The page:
Stanford's defensive statistics against Oregon don't show such a dramatic difference between the first half and the second half as we saw with respect to the offensive statistics. The first half was bad, and the second half was even worse. One note on the numbers: Oregon actually ran the ball better in the second half than these numbers suggest. Before the last two Oregon possessions when Oregon was running out the clock, Oregon had 151 rushing yards and 6.6 yards per carry in the second half.
The big play was once again a problem for the Stanford defense. Oregon gained 209 yards on just four plays – touchdown passes of 71, 50, and 33 yards, and a 55-yard run.
However, big plays were not the only problems for Stanford's defense. Stanford's pass defense allowed Oregon virtually to pass at will on shorter patterns. On any given play, it seemed like Oregon had a receiver or two who lined up without a Stanford defender anywhere near them. The short, quick passes were open, and Oregon took them. Dixon's completion rate was 75%. He completed 27 passes, only 4 of which gained more than 17 yards. It was too easy for him. Stanford needs to fix that.
On Oregon's three drives in the third quarter, the Ducks were dominant offensively. On those three drives, Dixon picked apart the Stanford defense, completing an impressive 12 out of 12 passes for 156 yards. Oregon added 41 rushing yards on nine attempts. Altogether, Oregon had 197 yards, 11 first downs, and three touchdowns on those three possessions. Stanford's defense managed to force Oregon into only two third down situations, both of which Oregon converted. Those three drives gave Oregon more than enough to win.
Granted, Oregon is leading the Pac-10 in total offense (537 yards per game), so the Oregon game was a tough test. But things aren't going to get much easier any time soon. In the next two games, Stanford must face the second and third most productive offenses in the Pac 10: Arizona State (450.5 yards per game) and USC (462 yards per game). Stanford's defense needs to come up with some answers in a hurry.
The Cardinal did have some good moments defensively. The two turnovers forced by the defense, along with the one turnover forced by Stanford's special teams, were a big positive. After forcing only one turnover in two games, it was encouraging to see Stanford come up with three takeaways against Oregon.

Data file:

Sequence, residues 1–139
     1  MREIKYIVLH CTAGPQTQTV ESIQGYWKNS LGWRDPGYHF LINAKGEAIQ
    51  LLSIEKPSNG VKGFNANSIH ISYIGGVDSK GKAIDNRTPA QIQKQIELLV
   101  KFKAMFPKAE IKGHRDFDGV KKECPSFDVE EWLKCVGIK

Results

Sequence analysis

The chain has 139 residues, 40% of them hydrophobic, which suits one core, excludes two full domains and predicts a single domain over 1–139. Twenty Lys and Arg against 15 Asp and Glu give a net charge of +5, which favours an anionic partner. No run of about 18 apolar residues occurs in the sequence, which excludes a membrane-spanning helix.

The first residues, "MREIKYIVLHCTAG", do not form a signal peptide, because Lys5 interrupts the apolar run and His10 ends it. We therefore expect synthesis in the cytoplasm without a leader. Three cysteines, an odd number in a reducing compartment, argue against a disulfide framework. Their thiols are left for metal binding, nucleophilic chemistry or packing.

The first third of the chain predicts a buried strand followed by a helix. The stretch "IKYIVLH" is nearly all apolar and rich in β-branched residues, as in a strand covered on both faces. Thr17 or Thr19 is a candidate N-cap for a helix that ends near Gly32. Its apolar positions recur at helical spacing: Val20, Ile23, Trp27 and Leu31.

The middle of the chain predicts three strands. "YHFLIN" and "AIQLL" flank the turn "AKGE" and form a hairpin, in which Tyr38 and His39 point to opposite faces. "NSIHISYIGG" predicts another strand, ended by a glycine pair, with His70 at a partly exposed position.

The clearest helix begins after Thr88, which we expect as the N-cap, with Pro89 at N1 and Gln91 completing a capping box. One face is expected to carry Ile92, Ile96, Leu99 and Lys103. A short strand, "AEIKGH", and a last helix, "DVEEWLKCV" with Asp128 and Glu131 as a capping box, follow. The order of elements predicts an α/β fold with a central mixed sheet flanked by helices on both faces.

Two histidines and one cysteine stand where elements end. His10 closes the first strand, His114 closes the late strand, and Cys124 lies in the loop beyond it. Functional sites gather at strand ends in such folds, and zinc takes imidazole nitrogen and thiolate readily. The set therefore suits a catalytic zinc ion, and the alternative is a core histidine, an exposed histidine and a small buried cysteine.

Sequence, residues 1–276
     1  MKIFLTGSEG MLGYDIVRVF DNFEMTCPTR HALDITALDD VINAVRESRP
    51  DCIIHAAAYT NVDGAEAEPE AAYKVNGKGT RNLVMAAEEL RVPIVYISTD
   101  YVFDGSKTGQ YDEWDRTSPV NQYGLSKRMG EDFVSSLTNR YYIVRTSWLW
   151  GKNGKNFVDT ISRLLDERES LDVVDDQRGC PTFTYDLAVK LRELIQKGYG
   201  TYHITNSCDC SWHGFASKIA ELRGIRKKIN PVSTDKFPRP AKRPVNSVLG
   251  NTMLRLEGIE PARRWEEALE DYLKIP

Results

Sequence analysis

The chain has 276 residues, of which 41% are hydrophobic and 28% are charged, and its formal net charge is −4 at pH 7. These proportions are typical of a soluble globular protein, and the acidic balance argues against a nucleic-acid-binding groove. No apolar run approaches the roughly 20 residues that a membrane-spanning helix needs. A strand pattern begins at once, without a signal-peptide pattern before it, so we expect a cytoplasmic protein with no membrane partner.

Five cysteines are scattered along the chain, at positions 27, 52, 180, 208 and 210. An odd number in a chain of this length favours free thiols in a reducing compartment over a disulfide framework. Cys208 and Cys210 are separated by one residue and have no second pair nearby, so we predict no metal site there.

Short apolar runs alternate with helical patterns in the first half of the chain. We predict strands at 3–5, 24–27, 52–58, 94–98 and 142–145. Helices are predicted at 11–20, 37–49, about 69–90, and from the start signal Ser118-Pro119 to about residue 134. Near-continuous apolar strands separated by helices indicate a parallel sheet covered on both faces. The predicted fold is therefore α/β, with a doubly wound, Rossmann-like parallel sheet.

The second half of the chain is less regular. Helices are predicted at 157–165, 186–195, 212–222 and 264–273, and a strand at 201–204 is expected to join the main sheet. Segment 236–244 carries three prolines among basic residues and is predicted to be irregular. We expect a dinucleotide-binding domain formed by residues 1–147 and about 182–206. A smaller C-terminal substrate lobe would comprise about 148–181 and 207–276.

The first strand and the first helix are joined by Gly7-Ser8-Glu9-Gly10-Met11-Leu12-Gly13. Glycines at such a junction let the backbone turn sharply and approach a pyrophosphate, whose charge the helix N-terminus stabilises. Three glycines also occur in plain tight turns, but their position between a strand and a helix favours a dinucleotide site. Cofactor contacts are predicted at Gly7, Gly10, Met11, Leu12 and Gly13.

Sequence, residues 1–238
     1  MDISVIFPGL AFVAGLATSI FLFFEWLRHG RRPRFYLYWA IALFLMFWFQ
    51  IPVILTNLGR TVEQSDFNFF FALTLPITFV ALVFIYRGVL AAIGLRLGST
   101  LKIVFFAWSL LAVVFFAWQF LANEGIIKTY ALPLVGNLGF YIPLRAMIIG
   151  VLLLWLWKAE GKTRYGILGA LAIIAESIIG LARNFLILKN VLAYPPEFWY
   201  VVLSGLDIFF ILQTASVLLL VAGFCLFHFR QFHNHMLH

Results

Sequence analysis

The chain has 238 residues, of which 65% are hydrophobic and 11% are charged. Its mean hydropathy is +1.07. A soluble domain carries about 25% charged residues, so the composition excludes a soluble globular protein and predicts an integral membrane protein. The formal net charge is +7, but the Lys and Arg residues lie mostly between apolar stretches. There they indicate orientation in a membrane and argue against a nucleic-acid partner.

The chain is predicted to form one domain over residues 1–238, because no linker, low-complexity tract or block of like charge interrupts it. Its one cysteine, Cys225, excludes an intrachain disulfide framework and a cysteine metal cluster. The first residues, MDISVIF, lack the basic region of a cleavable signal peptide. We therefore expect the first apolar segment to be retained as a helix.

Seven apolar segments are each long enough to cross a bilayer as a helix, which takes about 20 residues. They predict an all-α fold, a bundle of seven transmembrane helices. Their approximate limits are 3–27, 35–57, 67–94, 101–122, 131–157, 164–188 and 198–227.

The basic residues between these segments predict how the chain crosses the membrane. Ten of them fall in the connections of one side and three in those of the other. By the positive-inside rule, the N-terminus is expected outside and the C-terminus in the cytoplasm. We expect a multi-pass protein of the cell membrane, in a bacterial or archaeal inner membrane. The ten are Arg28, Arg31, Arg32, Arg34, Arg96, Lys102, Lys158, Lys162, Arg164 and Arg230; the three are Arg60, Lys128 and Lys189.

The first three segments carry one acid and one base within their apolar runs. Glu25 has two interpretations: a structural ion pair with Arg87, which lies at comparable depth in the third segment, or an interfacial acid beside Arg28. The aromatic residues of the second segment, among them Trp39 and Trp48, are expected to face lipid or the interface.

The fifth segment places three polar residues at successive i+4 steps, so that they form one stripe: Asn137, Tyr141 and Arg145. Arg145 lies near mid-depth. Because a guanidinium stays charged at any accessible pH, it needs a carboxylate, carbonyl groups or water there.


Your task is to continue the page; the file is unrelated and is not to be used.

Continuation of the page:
Stanford continues to make a relatively high number of tackles for loss – seven tackles for loss against Oregon, and an average of 7.7 tackles for loss per game for the season (third in the conference behind Oregon and Oregon State, at 8.0 each).
Overall, however, Stanford's defensive statistics are not a pretty picture. For the season, Stanford's defense ranks ninth in the Pac-10 in scoring defense and 10th in total defense, rushing defense, and pass efficiency defense. Nationally, Stanford ranks 92nd in scoring defense, 100th in total defense, 93rd in rushing defense, and 111th in pass efficiency defense (out of 119 teams).
In its two conference games, Stanford is now allowing an average of 606.5 yards per game and 50 points per game. You can't win football games being that generous.
After three games, Anthony Kimble is on a pace to finish the regular season with 1,072 rushing yards. The Stanford single-season record for rushing yards is 1,084 yards by Tommy Vardell in 1991...
Kimble leads the Pac-10 and is fourth in the nation in all purpose yards, with 220.7 yards per game. He's on a pace to gain 2,648 all purpose yards in the regular season, which would break Glyn Milburn's single-season school record of 2,222 all purpose yards in 1990. I certainly hope Kimble doesn't keep going at his current pace, however, because he's getting more than half his yards on kickoff returns, and if he continues to gain kickoff return yards at his current rate, it would mean our opponents were kicking off far too often...
Bo McNally continues to lead the Pac-10 in tackles with 10.7 tackles per game...
True freshman Taylor Skaufel had nine tackles against Oregon, leading all of Stanford's defensive backs in tackles. For the season, he's fourth on the team in tackles (behind McNally, Maynor, and Osaisai, tied with Snyder). Who saw this coming? This is a guy who wasn't highly recruited, wasn't offered by the Harris staff, and wasn't on our radar until Harbaugh offered him in January. Now he's getting major playing time as a first-year player, and showing some promise...
There was a little-noticed statistical oddity last season: Stanford's opponents were successful on an extraordinary 18 out of 19 field goal attempts, with the only miss coming in the last game of the season. This year, things are balancing out a little bit. Stanford's opponents have made only 3 of 7 field goal attempts so far...
At T.C. Ostrander's current rate of 276 passing yards per game, he would end up with 3,312 passing yards. That would be the second highest total in Stanford history, behind Steve Stenstrom's 3,627 passing yards in 1993. The only Stanford quarterbacks to pass for 3,000 yards in a season have been Stenstrom, John Elway (3,242 yards in 1982), and Todd Husak (3,092 yards in 1998)...